A broader customer proposition allows neobanks and payment companies in the cross-border space to increase their revenue and acquire and retain customers. Core banking services (savings and lending) has traditionally provided a significant regulatory burden, which was a good enough reason to keep most of these products on the sidelines.
TransferWise seems to be taking advantage of a regulatory market opportunity. Last week, the company announced it has obtained new licences from the UK Financial Conduct Authority (FCA) to allow it to start offering interest bearing deposits for its clients in the next months, but without the need to become a fully regulated bank.
Our thoughts on this strategy:
- Avoiding the burden (and cost) of becoming a formal bank
TransferWise wants customers to be able to decide where their balances sit and the company will not lend out funds through other products as traditional banks do. TransferWise would likely argue (as others in the space do) that with high quality tech-forward KYC/AML systems already in place, they are already adhering to many of the requirements (and costs) a bank does. Therefore, why not offer some banking products if you have the cost base anyway.
- Filling a need to offer a savings product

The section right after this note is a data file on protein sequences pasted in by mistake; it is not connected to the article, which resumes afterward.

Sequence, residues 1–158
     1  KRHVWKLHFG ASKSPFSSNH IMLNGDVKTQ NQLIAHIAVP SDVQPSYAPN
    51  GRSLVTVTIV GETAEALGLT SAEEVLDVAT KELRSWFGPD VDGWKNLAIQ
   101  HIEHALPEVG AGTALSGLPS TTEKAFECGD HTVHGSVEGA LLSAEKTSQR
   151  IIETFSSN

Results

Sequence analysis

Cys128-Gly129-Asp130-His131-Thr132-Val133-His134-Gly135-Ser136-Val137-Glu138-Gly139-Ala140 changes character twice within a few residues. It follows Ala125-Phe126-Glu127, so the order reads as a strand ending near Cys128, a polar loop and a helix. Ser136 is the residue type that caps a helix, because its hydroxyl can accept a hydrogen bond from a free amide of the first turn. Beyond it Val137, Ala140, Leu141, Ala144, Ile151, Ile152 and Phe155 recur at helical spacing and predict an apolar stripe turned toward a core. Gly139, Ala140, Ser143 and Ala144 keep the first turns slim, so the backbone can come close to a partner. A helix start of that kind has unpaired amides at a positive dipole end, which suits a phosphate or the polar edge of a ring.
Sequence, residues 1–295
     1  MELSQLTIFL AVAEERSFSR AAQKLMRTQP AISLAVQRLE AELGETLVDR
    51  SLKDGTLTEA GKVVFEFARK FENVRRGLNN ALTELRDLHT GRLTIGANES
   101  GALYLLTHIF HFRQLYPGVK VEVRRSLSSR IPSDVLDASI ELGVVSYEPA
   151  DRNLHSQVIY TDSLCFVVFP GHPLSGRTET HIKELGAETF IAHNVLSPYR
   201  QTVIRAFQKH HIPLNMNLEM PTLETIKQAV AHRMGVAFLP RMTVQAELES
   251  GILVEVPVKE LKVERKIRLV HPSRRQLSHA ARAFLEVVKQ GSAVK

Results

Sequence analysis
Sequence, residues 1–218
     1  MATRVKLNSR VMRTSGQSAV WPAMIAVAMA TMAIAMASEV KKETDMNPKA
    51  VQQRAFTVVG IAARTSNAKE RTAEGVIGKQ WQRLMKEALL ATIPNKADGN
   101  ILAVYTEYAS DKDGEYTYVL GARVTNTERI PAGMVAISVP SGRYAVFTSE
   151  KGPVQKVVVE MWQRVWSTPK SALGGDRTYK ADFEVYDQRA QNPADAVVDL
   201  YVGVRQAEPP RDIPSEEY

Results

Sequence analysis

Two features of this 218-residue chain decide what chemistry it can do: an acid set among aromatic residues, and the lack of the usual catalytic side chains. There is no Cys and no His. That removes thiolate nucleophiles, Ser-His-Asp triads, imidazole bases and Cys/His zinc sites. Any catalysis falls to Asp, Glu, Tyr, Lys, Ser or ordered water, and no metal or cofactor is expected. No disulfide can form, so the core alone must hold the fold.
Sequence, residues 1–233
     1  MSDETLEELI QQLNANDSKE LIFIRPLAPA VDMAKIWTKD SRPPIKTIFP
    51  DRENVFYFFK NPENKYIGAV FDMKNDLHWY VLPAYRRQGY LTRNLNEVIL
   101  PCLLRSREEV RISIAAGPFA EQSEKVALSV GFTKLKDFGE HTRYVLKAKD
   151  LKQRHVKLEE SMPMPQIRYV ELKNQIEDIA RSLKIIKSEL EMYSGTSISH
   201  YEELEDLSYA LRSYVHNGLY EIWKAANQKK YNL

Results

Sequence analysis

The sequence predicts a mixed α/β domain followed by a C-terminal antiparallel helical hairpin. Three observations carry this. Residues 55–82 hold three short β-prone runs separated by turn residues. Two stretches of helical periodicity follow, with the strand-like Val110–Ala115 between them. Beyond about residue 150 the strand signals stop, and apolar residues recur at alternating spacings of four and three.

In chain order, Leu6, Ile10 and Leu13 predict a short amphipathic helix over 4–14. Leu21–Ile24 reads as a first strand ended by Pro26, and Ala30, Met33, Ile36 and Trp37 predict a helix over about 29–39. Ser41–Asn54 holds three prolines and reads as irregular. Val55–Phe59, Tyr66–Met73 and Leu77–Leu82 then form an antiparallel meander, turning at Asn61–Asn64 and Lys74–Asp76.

TransferWise already has c.$2bn in deposits through its borderless account. Launching a savings product is likely to increase the number of users, but also the funds available to the company. The company will hope that adding a savings product adds to customer retention, although other than on price and lockup period, savings products are hard to differentiate.
- Savings is a really competitive market in the UK
UK high street banks offer very competitive interest rates on saving accounts, unlike the US market where banks such as Goldman Sach’s Marcus easily and quickly gained market share against the incumbents. Even with the Bank of England’s base interest rate remaining at historical lows, UK high street banks’ interest rates still range from around 0.5% to 2.5%. Beating these rates could be expensive for TransferWise. While a more competitive interest rate might also lead to more usage of its debit card for travel, it is not clear whether the company is currently missing out on smaller international payments from the same customers.
Expect more to follow in TransferWise’s path, especially if the FCA (and other regulators) continue to allow regulatory alternatives to offer banking products. Regulators generally like competition and open banking alone has not proved sufficient to pull large customer numbers out of their existing banking relationships.